Skip to main content

FAUST - FAUST IV album review, Plan B magazine 2005

Faust IV (Virgin)
All you end up doing when talking about so much Seventies music is butting your head against the fact that things just can’t sound this charged with naive wonder and innovative reach any more. It ain’t just that rock is getting explored or expanded here, it’s more that its essential limitations are being mapped out so thoroughly, and within songs that are so untutoredly unhinged in content and construction that current rock ‘experimentation’ can’t help sounding like the spoddish trailchasing it usually is. Faust, Neu!, Can, La Dusseldorf, Popol Vuh, Amon Duul, Harmonia, Cluster – these bands are stars, events in the firmament seemingly as freewheeling and chaotic as a supernova, yet with an chemical and astrophysical coherence you could spend a lifetime decoding.
   So as ever, listening to Faust, especially on this beautifully remastered reissue of their 1973 swansong, is entirely inspirational, but only in that one would hope music could still be made with this generous vanguard spirit. I never wanna hear a record try and sound like this ever again. I hope this is heard by hip hop producers, grime MCs and doom-metal bands. And I hope post-rock pootlers only hear it to be reminded of why they should have given up a decade before most of them were born. Faust were there, more beautifully, more melodically, more soulfully and sweetly than anyone since.
   The original album sounds startlingly fresh.‘Krautrock’ is pure magic enacted on the brain. But I’d forgotten just what a great rubbery skank ‘The Sad Skinhead’ is, and just what a gorgeous weft of wonder ‘Jennifer’ is, how it stands up to anything off Neu! 75, how it destroys its legion of copyists in subtlety and that headwreckin’ warpyweft of overdriven drone. And we haven’t even got time here to go into the lurid Herzog psychodrama of ‘Just A Second/Picnic/Deuxieme Tableaux’, the Monks-style rattle and belief of ‘Giggly Smile’, or the gorgeous Cantebury cosmonautics of ‘Lauft’ and ‘It’s A Bit Of A Pain’. Just hear them.
   The extra CD pulls together three of the Peel Session tracks (the mindblowing delay-funk of ‘Lurcher’ sits uncannily well with those Miles’ ‘Cellar Door’ sessions currently threatening to swallow up the year, while ‘Do So’ sounds like the fucking Zombies!) and six unreleased tracks recorded by Uwe Nettelbeck. The alternate takes of the bulk of IV are intriguing (and in the case of ‘Jennifer’ and ‘Just A Second’ debatably even better than the originals) but the never-before-heard ‘Piano Piece’ is a shimmering breeze that’s redolent of that heartstopping last minute of the Stones ‘Moonlight Mile’ and prefigures Eno/Fripp’s ‘Evening Star’ by a good couple of years. Ever ahead but crucially taking your hand tenderly every step of the way. Make a pact with all of this soon.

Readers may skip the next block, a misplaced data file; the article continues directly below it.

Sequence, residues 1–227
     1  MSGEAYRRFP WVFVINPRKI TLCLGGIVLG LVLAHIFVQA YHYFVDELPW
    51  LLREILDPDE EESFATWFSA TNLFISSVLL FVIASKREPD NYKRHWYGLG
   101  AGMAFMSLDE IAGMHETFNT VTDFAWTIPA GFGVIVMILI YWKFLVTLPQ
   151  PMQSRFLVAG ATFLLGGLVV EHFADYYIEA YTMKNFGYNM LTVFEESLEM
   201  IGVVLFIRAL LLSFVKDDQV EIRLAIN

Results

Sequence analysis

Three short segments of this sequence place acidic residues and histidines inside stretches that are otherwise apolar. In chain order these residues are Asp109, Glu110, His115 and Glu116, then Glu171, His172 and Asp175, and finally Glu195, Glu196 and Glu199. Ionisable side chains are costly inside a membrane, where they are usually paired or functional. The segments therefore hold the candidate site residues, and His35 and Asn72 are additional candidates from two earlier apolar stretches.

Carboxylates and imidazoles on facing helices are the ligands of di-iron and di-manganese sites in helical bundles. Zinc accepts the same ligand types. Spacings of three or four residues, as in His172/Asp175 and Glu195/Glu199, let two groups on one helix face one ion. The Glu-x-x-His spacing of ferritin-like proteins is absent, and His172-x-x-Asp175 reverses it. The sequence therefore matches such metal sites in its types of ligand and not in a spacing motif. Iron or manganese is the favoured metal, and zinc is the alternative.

Popular posts from this blog


This was my dream. And it was so vivid it really happened. 
I hired a van. The expense was a concern but I needed the capacity. First the long drive north to Middlesborough. I knew he'd be at home, visiting relatives. Made sure my HeadBag was packed. Blindfolds and ballgags. Rope. Some starved, stroppy badgers. Maxi-pack of chloroform-seeped bogroll from Costco. Masking tape. As I eased onto the M1 I told myself again the story of how it was developed from the need for waterproof ammunition casings in WWII. I had to, I was bored, and it's a long schlep up to 'boro. Idly, after securing a mortgage for a bacon roll at Tibshelf, I had an argument with my other personality about whether Middlesborough was in North Yorkshire, County Durham or Teeside. 
Nothing got resolved. A plain-clothes officer pulled me off in the hardshoulder near Malton and issued stern words about punching myself while driving. No hilarity did ensue. I needed to focus. This was a serious business. By noo…


(photo by Pat Pope, full text)  MANIC STREET PREACHERS  ASTORIA, LONDON  SORRY, lifelong fan, but I’m a new convert. I got into them a week ago and here I am. (They start with “Faster and, after the dub and horrorcore they’ve played, it jarrs and fits perfectly.) OK, see it ain’t attitude cos anyone can do that, just cock a snook and suck your cheeks. It ain’t glamour. Glamour is boring. Glamour is loud pretty people who hug, hug, hug, giggling at your geek self all night. And it ain’t rock’n’roll; it was your rock’n’roll that made a nigger-hater the King, your teddy boys who Paki-bashed for Mosley, Notting Hill 1958, your rock’#n’roll build on SAMBO DON’T SELL. I ain’t interested and the Manics are way beyond that. (“Yes” is Stjepan Mestrovic’s “Balkanisation Of The West” turned punk anthem, as if it could be any more punk. No higher compliment exists.)    The four founding points of Manics songs – one: modern life is untenable. Two: no one ever gets used to loneliness. Three: if tr…

The F.U.N.K 2017 End Of Year Lists Part 1 - Metal

Metal, like hip hop, has had a fucking great 2017. Like hip hop its manifold joys can mainly be found away from the mainstream, certainly light-years distant from the kinds of boybands-with-guitars that seemingly dominate Kerrang-style metal culture. So most of my favourite metal from this year has come from slightly off the beaten track (so much great stuff coming out of Italy this year), much of it found via Bandcamp and those metal bloggers who are so ably covering the anti-scene at the moment. 

Needs saying actually - metal, like hip hop, is one area of music where blogging and word-of-mouth is all the guidance I need anymore - haven't been NEAR a metal mag this year and don't feel like I've missed anything. The bloggers care, and know their stuff so thanks to Angry Metal Guy and Cvlt Nation  and No Clean Singing and Heavy Blog Is Heavy  and The Sludgelord for keeping me vaguely in touch with the best metal in 2017, they've been invaluable. 

These are the metal/doom…